What people get confused about sometimes is thinking that the sperm and the egg are in the uterus and stick right there into the uterus, but that’s not what happens. How it works is the egg goes into the tube, the sperm can go through the uterus, up into the tube and then it could take a week to go all the way down the tube into the uterus and maybe implant. There’s at least a week there, so the IUD has an effect in that time -- from the time that it’s fertilized until implantation.

That's not how it works with regular birth control or other emergency contraception. But the copper IUD, when used as emergency contraception, is much more effective than the hormonal forms because it does work after ovulation has already happened. It really reduces your risk of pregnancy, but the hard part is that it's rare that a person will be able to walk into a clinic and get a copper IUD put in after unprotected sex.  I do [IUD implantations as emergency contraception] maybe twice a year.

So there is, in certain cases with the copper IUD, fertilization that occurs. 

An important distinction here is that fertilization is not the same thing as pregnancy for the very, very simple reason that these things take time. There are a lot of steps between fertilization and implantation being successful. For the average woman who is not on any kind of birth control, that process of fertilization is occurring over and over and over again and those women are not getting pregnant over and over and over again because many of those fertilizations never, ever implant.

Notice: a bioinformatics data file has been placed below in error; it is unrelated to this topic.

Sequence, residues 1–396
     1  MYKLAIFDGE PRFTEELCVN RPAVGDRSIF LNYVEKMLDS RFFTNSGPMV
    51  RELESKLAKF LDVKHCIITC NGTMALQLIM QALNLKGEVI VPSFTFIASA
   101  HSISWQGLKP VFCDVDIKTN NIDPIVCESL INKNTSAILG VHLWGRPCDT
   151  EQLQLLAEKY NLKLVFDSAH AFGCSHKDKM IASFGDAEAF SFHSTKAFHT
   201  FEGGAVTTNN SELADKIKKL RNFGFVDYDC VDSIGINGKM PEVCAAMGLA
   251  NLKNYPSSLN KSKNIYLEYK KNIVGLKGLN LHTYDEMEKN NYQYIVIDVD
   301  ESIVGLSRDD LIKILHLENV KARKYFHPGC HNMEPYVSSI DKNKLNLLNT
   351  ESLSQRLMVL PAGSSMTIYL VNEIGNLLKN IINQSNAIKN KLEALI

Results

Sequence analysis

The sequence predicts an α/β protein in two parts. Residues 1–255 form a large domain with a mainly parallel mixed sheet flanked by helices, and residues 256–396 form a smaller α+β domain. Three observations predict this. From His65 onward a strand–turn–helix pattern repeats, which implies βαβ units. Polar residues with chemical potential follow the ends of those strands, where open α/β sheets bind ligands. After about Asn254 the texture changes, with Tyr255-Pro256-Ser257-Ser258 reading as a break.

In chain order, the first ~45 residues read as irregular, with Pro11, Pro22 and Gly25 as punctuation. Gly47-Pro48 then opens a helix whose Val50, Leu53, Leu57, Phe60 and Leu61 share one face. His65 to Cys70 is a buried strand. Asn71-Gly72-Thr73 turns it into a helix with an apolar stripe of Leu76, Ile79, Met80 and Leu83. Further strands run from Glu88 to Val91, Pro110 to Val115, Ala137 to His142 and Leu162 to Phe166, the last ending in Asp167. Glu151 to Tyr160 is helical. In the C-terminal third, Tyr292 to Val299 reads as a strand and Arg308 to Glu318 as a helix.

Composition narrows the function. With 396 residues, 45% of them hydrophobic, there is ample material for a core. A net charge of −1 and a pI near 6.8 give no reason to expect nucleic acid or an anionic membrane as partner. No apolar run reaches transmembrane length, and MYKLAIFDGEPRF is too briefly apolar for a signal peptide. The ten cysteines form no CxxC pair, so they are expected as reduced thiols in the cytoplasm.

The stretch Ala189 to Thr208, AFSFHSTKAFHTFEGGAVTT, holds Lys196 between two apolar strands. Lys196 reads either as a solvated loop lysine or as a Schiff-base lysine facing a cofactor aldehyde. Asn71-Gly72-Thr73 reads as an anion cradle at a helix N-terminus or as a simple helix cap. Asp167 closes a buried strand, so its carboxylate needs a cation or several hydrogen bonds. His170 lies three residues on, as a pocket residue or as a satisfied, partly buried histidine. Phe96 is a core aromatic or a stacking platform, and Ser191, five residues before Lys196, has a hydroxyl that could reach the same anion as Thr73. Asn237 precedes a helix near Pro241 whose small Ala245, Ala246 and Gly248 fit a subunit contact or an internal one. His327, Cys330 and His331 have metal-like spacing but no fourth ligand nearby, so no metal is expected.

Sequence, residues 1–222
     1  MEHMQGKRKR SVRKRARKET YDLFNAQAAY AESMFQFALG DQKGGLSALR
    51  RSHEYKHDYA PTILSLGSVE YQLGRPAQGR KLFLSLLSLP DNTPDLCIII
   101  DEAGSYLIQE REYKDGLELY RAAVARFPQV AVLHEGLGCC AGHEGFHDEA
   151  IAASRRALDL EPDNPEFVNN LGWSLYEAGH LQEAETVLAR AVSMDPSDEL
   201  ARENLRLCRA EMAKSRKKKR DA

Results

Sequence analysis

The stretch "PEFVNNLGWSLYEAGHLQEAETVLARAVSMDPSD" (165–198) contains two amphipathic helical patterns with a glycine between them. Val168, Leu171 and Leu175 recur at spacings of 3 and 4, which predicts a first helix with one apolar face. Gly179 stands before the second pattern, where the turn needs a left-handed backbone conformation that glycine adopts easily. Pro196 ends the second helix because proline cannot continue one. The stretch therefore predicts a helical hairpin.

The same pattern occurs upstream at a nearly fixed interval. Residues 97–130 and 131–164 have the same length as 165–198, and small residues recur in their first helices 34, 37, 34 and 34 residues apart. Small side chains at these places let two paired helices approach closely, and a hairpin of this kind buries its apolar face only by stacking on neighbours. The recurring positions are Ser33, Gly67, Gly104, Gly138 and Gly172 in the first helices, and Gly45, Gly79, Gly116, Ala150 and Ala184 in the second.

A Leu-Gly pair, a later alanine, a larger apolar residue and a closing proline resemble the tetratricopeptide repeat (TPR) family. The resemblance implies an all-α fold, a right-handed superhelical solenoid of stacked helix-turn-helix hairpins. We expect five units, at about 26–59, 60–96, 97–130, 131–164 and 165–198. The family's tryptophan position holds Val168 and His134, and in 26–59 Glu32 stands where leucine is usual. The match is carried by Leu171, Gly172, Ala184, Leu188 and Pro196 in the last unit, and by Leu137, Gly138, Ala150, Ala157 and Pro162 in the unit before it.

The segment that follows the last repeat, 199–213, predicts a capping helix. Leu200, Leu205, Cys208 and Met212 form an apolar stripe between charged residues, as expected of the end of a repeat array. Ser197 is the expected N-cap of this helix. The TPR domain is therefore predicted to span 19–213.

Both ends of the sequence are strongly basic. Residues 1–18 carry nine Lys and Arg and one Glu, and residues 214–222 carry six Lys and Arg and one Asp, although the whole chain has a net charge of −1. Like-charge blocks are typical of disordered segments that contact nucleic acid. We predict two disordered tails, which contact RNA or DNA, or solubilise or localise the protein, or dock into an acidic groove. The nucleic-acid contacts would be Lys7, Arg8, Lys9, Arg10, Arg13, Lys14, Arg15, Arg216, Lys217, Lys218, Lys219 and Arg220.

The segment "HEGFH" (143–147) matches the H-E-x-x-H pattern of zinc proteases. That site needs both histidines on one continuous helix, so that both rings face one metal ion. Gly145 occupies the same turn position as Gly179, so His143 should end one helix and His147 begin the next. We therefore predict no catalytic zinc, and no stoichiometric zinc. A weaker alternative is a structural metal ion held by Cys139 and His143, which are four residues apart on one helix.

There are all these things that have to happen for pregnancy to occur. I think if people think about the question of when a woman is pregnant, the answer seems pretty intuitive. When I go to somebody and ask, "How many times have you been pregnant?" I’m not asking, "How many times have you had fertilized eggs?"

These things are not the same. That isn’t a pregnancy, it’s just not there yet.

By Katie McDonough

Katie McDonough is Salon's politics writer, focusing on gender, sexuality and reproductive justice. Follow her on Twitter @kmcdonovgh or email her at